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Anna Belisle, a lifelong Somerset resident, will turn 100 years old on Aug. 18. She currently lives in the St. Croix Center Nursing home and is visited frequently by her nine children, 15 grandchildren and 17 great-grandchildren. Here, Anna is pictured with her granddaughter, Val King.

Belisle gets ready to celebrate 100th birthday

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New Richmond, 54017
New Richmond Wisconsin 127 South Knowles Avenue 54017

If you ask Anna Belisle what her most vivid memory in her 100 years of life is, her answer may be surprising.

"When we were held up -- they had guns," she said.

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Not the answer one might expect from the white-haired great-grandmother holding a wooden rosary and sitting in a wheelchair surrounded by three generations of family.

However, given the circumstances, it would certainly qualify as a vivid memory.

The year was 1929. The Great Depression had just begun, but the effects had not reached the tiny haven of Somerset, with its three stores, three gas stations and four cafes.

Belisle had grown up in the small town, having attended Apple River School until the eighth grade as was the custom back then. She then worked in an overall factory to help support her seven brothers and sisters before meeting and marrying farmer Theodore Belisle -- 20 years her senior -- in 1927.

Theo was also a bootlegger, so money was frequently stored in the house safe. One night when Anna was a young mother, they were visited by two gangsters.

"They tied her and dad up," said Shirley Belisle, daughter-in-law. "They used her clothesline, but they were not hurt."

"They had handkerchiefs over their faces," Anna added.

The men got away with $500 from the safe. When Theo went to complain to the police, he was told "if anyone walked past the front door, shoot 'em."

So Theo bought a handgun. Six months later, there was another attempted robbery. This time, Theo shot one of the thieves as he tried to break into the back door. The other two hauled him away and they sped off in a truck.

"Pe-pe (Theo) chased him down the road with a deer rifle," Val King, granddaughter of Anna's brother, Frederick, described.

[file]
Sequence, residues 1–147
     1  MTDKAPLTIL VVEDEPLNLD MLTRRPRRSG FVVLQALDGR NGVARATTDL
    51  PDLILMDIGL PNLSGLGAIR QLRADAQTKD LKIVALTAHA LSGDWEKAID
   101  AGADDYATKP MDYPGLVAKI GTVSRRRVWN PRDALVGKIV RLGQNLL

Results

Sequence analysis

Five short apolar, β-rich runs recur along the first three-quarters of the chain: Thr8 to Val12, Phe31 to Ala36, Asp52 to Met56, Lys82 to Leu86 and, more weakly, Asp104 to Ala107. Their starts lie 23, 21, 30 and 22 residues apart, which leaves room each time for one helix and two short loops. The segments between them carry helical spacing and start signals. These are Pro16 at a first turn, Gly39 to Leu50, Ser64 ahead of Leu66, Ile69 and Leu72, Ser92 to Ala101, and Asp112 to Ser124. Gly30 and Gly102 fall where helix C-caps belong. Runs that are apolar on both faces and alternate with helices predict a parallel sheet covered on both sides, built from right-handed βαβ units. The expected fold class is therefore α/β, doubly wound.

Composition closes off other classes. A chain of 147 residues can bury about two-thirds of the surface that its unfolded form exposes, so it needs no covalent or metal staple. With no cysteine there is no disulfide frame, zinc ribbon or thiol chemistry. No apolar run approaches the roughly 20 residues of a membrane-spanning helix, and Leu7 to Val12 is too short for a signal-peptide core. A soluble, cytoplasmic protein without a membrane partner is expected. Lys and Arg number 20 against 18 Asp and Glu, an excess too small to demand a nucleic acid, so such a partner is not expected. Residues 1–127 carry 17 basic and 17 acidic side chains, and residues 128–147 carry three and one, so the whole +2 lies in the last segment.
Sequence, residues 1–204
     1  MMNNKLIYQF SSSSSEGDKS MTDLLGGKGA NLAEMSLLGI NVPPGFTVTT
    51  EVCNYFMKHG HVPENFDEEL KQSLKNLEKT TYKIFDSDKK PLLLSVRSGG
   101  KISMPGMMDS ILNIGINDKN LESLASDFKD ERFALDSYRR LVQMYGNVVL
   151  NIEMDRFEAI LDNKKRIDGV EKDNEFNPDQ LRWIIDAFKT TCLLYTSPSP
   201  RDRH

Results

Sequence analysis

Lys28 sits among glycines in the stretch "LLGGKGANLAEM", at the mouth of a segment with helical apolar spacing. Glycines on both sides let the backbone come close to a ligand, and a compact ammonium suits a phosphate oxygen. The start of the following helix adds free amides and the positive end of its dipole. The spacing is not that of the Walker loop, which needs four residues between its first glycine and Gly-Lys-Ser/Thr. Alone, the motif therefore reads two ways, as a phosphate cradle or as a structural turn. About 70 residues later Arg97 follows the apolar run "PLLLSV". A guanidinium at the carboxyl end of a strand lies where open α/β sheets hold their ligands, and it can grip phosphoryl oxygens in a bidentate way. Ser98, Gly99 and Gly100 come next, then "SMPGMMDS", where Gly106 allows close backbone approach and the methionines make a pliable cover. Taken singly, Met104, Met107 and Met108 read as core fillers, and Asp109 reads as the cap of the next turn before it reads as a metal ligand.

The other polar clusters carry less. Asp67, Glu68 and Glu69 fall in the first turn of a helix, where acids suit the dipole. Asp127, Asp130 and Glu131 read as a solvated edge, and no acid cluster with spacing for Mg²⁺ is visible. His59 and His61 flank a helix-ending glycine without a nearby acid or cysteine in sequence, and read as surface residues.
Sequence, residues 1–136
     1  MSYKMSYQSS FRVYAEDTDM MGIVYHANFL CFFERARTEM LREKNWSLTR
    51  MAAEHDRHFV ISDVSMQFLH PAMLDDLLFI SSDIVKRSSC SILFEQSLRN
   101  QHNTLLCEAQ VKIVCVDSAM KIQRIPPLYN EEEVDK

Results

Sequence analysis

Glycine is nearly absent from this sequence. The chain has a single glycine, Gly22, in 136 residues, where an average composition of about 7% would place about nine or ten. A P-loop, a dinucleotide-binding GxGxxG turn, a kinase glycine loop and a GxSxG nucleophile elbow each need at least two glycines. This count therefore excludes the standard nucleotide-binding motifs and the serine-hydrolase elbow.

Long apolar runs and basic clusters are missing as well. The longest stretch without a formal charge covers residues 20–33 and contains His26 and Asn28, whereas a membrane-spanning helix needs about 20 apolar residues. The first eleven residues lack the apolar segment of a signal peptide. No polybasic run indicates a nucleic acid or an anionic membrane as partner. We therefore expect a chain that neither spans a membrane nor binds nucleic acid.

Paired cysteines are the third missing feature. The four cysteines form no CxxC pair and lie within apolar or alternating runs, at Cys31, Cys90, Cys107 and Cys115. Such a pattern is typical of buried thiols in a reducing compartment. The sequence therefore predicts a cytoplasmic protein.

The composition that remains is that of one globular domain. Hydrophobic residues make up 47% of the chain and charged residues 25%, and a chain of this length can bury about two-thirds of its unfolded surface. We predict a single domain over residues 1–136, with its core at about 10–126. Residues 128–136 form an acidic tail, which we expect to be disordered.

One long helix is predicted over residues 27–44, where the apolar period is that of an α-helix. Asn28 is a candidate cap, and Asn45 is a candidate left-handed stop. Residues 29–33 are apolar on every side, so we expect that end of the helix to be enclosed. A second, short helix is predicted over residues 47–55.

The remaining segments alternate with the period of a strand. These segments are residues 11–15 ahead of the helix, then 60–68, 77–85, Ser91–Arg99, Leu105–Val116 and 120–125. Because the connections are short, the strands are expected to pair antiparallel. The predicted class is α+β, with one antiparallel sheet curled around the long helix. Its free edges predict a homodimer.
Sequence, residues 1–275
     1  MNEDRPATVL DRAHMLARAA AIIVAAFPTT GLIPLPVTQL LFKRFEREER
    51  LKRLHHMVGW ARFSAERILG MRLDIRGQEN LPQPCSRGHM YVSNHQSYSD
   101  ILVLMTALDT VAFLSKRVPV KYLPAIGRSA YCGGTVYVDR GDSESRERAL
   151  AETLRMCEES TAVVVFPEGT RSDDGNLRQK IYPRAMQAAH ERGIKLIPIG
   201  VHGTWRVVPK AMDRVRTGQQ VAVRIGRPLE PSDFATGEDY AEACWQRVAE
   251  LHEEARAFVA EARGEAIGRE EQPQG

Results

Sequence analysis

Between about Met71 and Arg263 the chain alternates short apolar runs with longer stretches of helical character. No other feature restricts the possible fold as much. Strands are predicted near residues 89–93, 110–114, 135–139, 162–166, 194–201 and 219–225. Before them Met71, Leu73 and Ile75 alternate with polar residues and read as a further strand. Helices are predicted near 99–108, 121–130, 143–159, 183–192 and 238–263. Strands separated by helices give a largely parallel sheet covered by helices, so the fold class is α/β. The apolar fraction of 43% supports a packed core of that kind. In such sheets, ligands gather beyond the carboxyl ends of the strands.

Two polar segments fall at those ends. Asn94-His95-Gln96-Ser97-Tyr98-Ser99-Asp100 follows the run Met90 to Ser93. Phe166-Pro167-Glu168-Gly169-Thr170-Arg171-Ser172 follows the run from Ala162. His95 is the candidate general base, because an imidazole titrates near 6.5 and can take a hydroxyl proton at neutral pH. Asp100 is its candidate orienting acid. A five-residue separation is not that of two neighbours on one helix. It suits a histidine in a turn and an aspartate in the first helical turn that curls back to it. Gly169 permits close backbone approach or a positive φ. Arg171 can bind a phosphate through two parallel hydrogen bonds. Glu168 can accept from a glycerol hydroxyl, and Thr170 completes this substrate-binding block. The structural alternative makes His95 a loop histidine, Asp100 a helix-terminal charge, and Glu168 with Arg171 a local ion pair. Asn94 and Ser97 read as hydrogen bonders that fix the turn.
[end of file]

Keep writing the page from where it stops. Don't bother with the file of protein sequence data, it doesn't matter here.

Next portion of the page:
But meeting gangsters such as Baby Face Nelson, John Dillinger and Al Capone at The Terrace Restaurant were not the only famous people she had met.

In 1978 she was named Wisconsin's No. 1 senior citizen for her outstanding community, church and civil service. Shirley nominated her and she was honored on Bob Hope's TV show.

"He gave her a kiss," Shirley said.

As a devout Catholic, Anna also cherishes another meeting with a famous individual.

"When she came back from Italy, she loved meeting the Pope," said Teddy Belisle, grandson.

Belisle, whose first language is French, is known to her nine children, 15 grandchildren and 17 great-grandchildren as "Me-Me" -- a diminutive of the French word for "mother," "mere."

"We used to speak French before Dad died," said Roland Belisle, son. "When my oldest brother and sister went to school, they couldn't speak English."

Anna and Theo raised their children together on their 50-acre dairy farm until Theo died after battling cancer in 1958.

She sold the farm and worked at various odd jobs until she bought 260 Main in downtown Somerset and opened Anne's Cafe in 1964. After experiencing pains in her legs, she sold the business in 1968.

According to her family, it was a logical choice for her to work in a restaurant business, because she was considered an excellent cook.

"I remember coming up to her back door and there would always be a pie cooling in the window," Teddy recalled. "That oven was always going -- no one ever starved."

"She'd cook bread three times a week," Roland said. "She'd hide the sweet rolls she made for Sunday, and if we snuck one before then, we'd get holy hell."

Although Anna's hearing necessitates people speaking loudly into her left ear and she requires a wheelchair to get around, her family recalls her as the personification of multi-tasking.

"She could juggle more jobs than anyone," Teddy said. "They'd milk cows, she'd make breakfast, pasteurize the milk, deliver it, clean up, can produce from the garden and bake every day."

"That impressed me when I came here in 1957," Shirley said. "I couldn't believe all that she did."

Aside from her cooking, Anna is a devoted Green Bay Packers fan, loves playing Bingo and cards, traveled to all 50 states and enjoys watching Oprah.

Although her actual birthday is Aug. 18, she will celebrate her 100th birthday on Aug. 30 with a party at Valley House.

The discrepancy will not be a big deal to her, as she has been used to celebrating her birthday unconventionally for several years.

When she applied for social security at 62 years old, she discovered that she was a month older than she thought.

"She'd celebrated her birthday on Sept. 18 all her life," Deloris Foster, daughter, said. "So when she found out it was actually Aug. 18, she went out to dinner with family and friends every night for one month."

When asked the secret of her longevity, Anna simply shrugged.

However, she did have some advice for living a happy life.

"Be good to everyone and everyone will be good to you," she said.

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